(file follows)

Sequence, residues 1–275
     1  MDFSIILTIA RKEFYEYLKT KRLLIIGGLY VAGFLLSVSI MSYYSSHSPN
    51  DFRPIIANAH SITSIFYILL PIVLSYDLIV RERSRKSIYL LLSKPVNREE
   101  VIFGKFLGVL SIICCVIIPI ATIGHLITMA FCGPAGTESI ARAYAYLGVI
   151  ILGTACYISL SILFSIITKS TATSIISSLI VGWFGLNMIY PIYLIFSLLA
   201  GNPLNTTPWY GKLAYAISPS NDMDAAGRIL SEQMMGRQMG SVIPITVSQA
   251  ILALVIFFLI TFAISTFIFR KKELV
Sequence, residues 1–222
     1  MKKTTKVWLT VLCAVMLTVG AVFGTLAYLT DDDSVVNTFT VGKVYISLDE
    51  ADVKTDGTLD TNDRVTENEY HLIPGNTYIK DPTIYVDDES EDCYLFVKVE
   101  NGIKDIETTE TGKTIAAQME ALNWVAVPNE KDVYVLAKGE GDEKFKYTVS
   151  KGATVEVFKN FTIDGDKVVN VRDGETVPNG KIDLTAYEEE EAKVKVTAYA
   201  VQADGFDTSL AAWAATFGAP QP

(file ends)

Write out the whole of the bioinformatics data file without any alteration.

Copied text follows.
Sequence, residues 1–275
     1  MDFSIILTIA RKEFYEYLKT KRLLIIGGLY VAGFLLSVSI MSYYSSHSPN
    51  DFRPIIANAH SITSIFYILL PIVLSYDLIV RERSRKSIYL LLSKPVNREE
   101  VIFGKFLGVL SIICCVIIPI ATIGHLITMA FCGPAGTESI ARAYAYLGVI
   151  ILGTACYISL SILFSIITKS TATSIISSLI VGWFGLNMIY PIYLIFSLLA
   201  GNPLNTTPWY GKLAYAISPS NDMDAAGRIL SEQMMGRQMG SVIPITVSQA
   251  ILALVIFFLI TFAISTFIFR KKELV
Sequence, residues 1–222
     1  MKKTTKVWLT VLCAVMLTVG AVFGTLAYLT DDDSVVNTFT VGKVYISLDE
    51  ADVKTDGTLD TNDRVTENEY HLIPGNTYIK DPTIYVDDES EDCYLFVKVE
   101  NGIKDIETTE TGKTIAAQME ALNWVAVPNE KDVYVLAKGE GDEKFKYTVS
   151  KGATVEVFKN FTIDGDKVVN VRDGETVPNG KIDLTAYEEE EAKVKVTAYA
   201  VQADGFDTSL AAWAATFGAP QP